Some may question the need for everyone to carry a means to cut rope, but canoeists are well aware that rope and water can be a fatal combination. The photo below shows the sort of environment which is common at the bottoms of pitches. Waterfalls can be heavier and water deeper, and the single most common cause of fatal accidents in wet canyons is failing to get off rope and drowning. A descender that can be unclipped quickly in a harsh environment is your first safety precaution, but a knife or concealed-blade rope-cutter could save your life.
There is a wide choice for descenders - figure eights are amongst the most popular, but the fact that you need to unclip these to thread them does mean there's a risk of dropping them, and this seems to occur most often at the bottom of wet pitches when, as noted, there may be great urgency in getting off the rope. Metal hardware sinks (as we have found) and diving in pools under waterfalls is difficult. Consider clipping a Claude loop into the top of the figure-eight to avoid losing it when getting off rope, especially with cold fingers. If your figure-eight mounts flat, remember to pass the bight of rope downwards through the larger loop and up over the smaller. A common error is to pull the bight upwards, which then puts the rope underneath the middle of the device where it is prone to catch on ledges, resulting in a locked-up descender and an awkward rescue problem. Getting your figure eight to clip in so it lies in a vertical plane avoids this issue.
A caving rack, super-rack or Curlew (as in the photo right) will also work on double rope, and have the advantage of being threaded and removed from the rope without unclipping from the harness. Against this is their greater complexity and the slight chance of threading them the wrong way. Petzl now make a descender specifically for canyonning, which doesn't need to unclip, but we haven't seen these in use... Various climbers' belay devices can also be used as descenders, and, since these are light and have sundry other uses, they are useful to carry as a backup. In extremis, knowing how to build a karabiner brake or even abseil on Italian hitches is useful, but the latter, in particular, tend to twist the rope which increases the risk of getting a rope stuck. As an aside, the photo here shows Andy in a pool that had already been found to be only waist deep - carrying a rope this way is not advisable into deep water, especially without a buoyancy aid, as it will sink the canyonneer and cannot be quickly jettisoned. If you must carry a loose rope, chained is probably safer.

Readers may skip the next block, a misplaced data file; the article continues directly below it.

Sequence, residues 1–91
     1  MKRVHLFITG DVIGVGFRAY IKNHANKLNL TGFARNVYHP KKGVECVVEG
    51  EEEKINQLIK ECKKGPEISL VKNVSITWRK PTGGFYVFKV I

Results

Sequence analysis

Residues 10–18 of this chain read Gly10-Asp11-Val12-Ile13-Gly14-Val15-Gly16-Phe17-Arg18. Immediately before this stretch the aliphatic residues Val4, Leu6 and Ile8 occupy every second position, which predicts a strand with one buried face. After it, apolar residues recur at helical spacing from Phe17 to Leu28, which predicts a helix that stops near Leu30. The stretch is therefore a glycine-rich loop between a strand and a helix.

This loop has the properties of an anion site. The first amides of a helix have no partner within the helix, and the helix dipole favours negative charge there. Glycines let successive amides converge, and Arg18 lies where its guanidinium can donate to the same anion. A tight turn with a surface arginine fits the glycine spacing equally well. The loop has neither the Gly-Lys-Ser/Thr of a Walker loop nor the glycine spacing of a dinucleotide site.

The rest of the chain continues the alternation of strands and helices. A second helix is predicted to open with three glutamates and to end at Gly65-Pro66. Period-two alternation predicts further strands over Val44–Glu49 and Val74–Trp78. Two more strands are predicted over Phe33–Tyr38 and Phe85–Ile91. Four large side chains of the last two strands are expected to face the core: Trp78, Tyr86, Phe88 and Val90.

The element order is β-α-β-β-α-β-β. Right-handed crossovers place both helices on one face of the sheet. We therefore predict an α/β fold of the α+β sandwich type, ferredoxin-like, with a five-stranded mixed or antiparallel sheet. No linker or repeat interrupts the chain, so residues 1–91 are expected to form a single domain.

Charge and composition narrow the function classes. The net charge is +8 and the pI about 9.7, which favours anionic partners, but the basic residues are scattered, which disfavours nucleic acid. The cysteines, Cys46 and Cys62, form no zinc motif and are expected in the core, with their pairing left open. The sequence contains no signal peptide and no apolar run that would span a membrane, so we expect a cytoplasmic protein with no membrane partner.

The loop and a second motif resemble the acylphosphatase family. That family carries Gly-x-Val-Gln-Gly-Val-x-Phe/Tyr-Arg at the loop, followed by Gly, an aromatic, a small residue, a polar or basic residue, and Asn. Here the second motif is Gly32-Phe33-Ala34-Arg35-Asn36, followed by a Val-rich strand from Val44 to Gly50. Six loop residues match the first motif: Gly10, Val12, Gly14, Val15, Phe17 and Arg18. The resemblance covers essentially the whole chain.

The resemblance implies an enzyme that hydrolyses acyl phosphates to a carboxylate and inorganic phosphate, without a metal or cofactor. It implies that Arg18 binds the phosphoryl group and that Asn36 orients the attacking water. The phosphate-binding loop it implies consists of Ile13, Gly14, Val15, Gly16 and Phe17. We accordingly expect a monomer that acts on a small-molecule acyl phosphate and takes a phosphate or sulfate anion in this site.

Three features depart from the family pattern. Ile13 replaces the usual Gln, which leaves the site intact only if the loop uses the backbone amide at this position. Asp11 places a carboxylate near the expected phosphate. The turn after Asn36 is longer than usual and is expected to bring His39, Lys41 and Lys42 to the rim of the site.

Some groups use an abseil protection device (such as a French Prusik) with beginners, but if you do so, there must be someone available to help if things get locked up. They are considered dangerous if there is a wet get-off at the bottom of the pitch - though beginning abseilers should not be on such pitches in the first place, of course. It's generally better to have someone experienced at the bottom to provide a bottom belay if the abseiler loses control, as this can equally be released from below, too. Alternatively, if the pitch is not free-hanging (no spinning risk), then a separate lifeline can be used. It's best if everyone has done enough abseiling not to get into trouble, and start beginners on trips with easy off-vertical abseils with easy take-offs and landings.
For the easiest of canyons, with nothing more than short sloping drops or easy climbs, a short rope to use hand-over-hand or as a lifeline may be sufficient. Rope used this way needs to be thick enough not to cut into your hands - at least 8mm. Floating rope may be advantageous (and club canoeists have done easy canyons using paddlers' throw-lines). Polypropylene floating rope like this should not be used for abseiling, as its low melting point makes this very dangerous.
For longer and more vertical pitches, kernmantel ropes designed for abseiling should be used. Static nylon or polyester ropes (those designed with a low stretch, and not to take the shock loads generated by falling climbers) are ideal, and the club stock of caving rope is just as good for canyonning as for pull-through caving trips. Since the ropes will not be used for prussikking back up, stretchier ropes like climbing rope are also OK, but we don't recommend using your best lead climbing rope, as there does tend to be a bit of wear and tear. We have often used retired climbing ropes - undamaged but perhaps no longer new enough for lead climbing, or maybe ones which have been cut into shorter lengths for whatever reason. Having ropes of different colours can often be useful. Dynamic ropes have the edge if you ever need to climb to escape a canyon or get above a flood.